Healthy people have five senses: hearing, speaking, seeing, smelling and touching. Everything we experience in life is multi-sensory, and therefore the information transmitted to the brain is received in several different areas. If one sense is not working properly, another sense can be trained to cover it.
It is well known, for example, that blind people generally develop an improved sense of touch and hearing to help compensate for their lack of sight. But can people who have difficulty understanding speech and sound make up for their disability through touch?
Psychology researchers from the Ivcher Institute for Brain, Cognition and Technology at Reichman University in Herzliya have developed a special technology that helps people understand speech and sound – and that in the future will allow them to detect their location as well – by using touch.
The 17-page study was published in the prestigious journal Nature: Scientific Reports under the title “Effects of training and using an audiotactile sensory substitution device on speech-in-noise understanding.”
One doesn’t have to lack one of the senses to have difficulty understanding others. We often find ourselves in situations that make it difficult for us to make out what we are being told. This can be due to the person speaking to us having a soft voice or speech that is difficult to comprehend, a noisy environment, or – what has become common since the COVID-19 pandemic began – people having to communicate from behind a face mask. While these situations are difficult for anyone, they are impossible for the hearing-impaired or deaf. This new technology is designed to help in such cases.
The researchers developed a sensory substitution device (SSD) that can deliver speech simultaneously through audition and as vibrations on the fingertips. The vibrations correspond to low frequencies extracted from the speech input. In their experiment, 40 non-native-English-speaking individuals with normal hearing were asked to repeat sentences that had been distorted, simulating hearing via a cochlear implant (a small electronic device that electrically stimulates the cochlear nerve for hearing) in a noisy environment.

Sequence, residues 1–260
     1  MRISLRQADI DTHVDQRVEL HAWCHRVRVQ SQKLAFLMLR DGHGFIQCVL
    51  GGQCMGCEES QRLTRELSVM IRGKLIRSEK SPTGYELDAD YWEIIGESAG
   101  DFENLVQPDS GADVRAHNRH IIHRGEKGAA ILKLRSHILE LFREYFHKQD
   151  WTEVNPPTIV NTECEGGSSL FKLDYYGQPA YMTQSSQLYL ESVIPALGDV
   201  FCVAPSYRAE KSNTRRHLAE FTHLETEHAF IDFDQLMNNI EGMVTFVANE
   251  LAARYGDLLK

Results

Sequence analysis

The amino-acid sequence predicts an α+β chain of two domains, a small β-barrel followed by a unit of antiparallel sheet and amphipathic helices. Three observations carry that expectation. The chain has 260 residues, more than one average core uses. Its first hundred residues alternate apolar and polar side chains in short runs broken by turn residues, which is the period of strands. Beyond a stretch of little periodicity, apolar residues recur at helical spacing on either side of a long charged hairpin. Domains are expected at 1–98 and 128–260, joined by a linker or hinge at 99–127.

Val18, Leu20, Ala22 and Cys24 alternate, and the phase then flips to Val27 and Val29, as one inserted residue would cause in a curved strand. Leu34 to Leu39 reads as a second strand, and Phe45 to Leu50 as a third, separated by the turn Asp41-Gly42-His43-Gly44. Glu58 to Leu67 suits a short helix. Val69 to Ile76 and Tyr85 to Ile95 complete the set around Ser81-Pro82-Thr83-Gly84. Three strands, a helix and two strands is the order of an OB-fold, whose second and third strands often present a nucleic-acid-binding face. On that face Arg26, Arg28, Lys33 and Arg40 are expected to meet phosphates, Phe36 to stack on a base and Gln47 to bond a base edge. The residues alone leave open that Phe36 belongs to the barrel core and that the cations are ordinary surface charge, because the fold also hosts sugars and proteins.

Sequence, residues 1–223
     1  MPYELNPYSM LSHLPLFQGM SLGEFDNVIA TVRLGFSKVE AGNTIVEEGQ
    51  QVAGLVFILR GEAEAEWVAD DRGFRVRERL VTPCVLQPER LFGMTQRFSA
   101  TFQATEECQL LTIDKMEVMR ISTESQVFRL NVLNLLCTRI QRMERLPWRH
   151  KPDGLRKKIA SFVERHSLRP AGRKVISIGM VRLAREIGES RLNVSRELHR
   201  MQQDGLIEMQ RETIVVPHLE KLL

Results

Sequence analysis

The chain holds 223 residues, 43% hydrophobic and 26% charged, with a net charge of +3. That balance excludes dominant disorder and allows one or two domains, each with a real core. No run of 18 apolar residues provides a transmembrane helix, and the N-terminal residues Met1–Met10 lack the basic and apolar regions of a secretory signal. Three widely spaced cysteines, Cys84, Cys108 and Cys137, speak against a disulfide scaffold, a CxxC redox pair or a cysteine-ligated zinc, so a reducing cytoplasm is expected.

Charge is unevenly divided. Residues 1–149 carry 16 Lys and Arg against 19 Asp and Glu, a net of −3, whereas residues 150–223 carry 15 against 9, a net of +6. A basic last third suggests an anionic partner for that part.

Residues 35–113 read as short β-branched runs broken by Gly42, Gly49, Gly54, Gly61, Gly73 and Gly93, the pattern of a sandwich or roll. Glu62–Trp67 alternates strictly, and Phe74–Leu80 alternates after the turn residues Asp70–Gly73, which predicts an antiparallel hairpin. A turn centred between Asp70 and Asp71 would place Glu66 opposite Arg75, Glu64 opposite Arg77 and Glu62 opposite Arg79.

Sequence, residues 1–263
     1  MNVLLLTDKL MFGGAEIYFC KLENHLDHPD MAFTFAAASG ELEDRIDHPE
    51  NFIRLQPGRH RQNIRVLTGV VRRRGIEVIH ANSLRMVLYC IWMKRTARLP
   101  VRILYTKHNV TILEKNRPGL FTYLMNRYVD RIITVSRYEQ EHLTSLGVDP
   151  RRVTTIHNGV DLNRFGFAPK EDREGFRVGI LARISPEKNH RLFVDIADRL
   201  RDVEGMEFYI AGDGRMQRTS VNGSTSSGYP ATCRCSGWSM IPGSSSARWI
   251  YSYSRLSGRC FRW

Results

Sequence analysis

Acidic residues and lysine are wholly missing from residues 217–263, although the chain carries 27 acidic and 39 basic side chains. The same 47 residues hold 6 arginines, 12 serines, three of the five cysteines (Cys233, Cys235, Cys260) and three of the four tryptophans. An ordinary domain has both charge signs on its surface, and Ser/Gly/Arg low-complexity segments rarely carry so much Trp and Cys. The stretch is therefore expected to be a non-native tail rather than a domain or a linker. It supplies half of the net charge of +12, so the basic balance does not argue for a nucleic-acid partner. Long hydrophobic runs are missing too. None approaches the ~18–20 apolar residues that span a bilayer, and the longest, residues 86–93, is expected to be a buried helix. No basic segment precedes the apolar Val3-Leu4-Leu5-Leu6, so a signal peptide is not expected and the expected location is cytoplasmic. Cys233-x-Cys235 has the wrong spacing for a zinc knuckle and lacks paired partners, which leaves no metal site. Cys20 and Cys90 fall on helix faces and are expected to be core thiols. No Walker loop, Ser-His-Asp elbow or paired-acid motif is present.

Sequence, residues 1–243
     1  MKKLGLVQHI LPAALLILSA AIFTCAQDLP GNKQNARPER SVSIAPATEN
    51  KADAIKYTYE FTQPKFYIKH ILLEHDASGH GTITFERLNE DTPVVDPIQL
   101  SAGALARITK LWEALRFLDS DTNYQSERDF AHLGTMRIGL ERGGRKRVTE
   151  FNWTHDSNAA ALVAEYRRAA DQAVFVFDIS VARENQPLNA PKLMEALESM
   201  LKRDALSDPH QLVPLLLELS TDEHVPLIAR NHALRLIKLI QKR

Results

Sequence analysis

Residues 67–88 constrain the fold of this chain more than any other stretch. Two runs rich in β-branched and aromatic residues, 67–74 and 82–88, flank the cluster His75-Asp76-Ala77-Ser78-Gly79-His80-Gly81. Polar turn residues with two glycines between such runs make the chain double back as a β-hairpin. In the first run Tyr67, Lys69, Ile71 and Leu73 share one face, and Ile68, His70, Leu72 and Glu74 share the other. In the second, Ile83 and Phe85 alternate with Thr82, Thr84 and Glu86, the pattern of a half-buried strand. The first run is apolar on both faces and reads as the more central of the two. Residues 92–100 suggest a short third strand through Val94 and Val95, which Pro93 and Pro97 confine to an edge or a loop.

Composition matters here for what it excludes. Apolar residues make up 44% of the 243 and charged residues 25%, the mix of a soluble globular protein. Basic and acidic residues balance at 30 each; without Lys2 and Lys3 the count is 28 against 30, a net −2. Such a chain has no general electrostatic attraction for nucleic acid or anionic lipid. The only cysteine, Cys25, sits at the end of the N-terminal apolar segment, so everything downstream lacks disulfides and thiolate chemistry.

In some cases, vibrations on the fingertips corresponding to lower speech frequencies were added to the sentences. To simulate these frequencies, the researchers developed a system that converts sound frequencies to vibrations – an audio-tactile SSD. These devices allow the conversion of input from one sense to another, for example, hearing to touch and sight to hearing.
The researchers showed that the subjects’ level of understanding increased over the course of a 45-minute training period accompanied by visual feedback. After the training, the participants were able to understand a new set of sentences in a noisier environment and under conditions that made speech more difficult to understand. Performance improved significantly when the participants received a corresponding vibration in addition to the audio. The research clearly demonstrated that the technology is successful in improving speech comprehension.
Prof. Amir Amedi, director of the Ivcher Institute, who worked with composer and audiovisual programmer Dr. Adi Snir and Dr. Katarzyna Ciesla, explained that “with great respect for the world of neuroscience, we believe that the adult brain can also learn, in a relatively simple way, to use one combination of senses or another to better understand situations. This assumption is consistent with the institute’s previous findings showing that the brain is not divided into separate areas of specialization according to the senses, but rather according to the performance of tasks.”
For example, speech can also be understood through touch, not just through hearing. This system is helpful both for those who are hard of hearing, as well as for people who are trying to understand what is being said on a phone call or who are learning new languages, he said.
The team suggested that potential applications of their training program and the SSD could be auditory rehabilitation in patients with hearing and even sight deficits, as well as for healthy individuals in suboptimal acoustic situations.
Ciesla, a postdoctoral fellow at the institute and co-director of Reichman University’s Rosental Brain Imaging Center, added, “Right now, the next phase of our research is being carried out with people who are hearing-impaired and completely deaf. At this stage, the sensory intervention will be individually tailored to each of the participants, as a combination of sound and vibration, or for the deaf, vibration alone before the implantation of a cochlear implant. This is aimed at establishing their understanding of speech with the help of a changing vibration.”